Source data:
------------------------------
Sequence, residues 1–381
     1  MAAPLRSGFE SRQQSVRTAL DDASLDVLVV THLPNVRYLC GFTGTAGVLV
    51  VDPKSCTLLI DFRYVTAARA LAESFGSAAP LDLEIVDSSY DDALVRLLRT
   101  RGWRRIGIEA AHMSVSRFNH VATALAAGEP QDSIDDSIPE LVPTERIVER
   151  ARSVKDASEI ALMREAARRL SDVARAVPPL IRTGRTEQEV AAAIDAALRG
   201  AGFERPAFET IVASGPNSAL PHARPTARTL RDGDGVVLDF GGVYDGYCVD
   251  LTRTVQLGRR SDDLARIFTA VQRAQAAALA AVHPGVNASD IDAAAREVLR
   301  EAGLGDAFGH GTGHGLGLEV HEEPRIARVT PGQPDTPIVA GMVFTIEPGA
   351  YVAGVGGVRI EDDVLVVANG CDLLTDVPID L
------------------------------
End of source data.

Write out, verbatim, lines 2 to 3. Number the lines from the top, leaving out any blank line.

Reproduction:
     1  MAAPLRSGFE SRQQSVRTAL DDASLDVLVV THLPNVRYLC GFTGTAGVLV
    51  VDPKSCTLLI DFRYVTAARA LAESFGSAAP LDLEIVDSSY DDALVRLLRT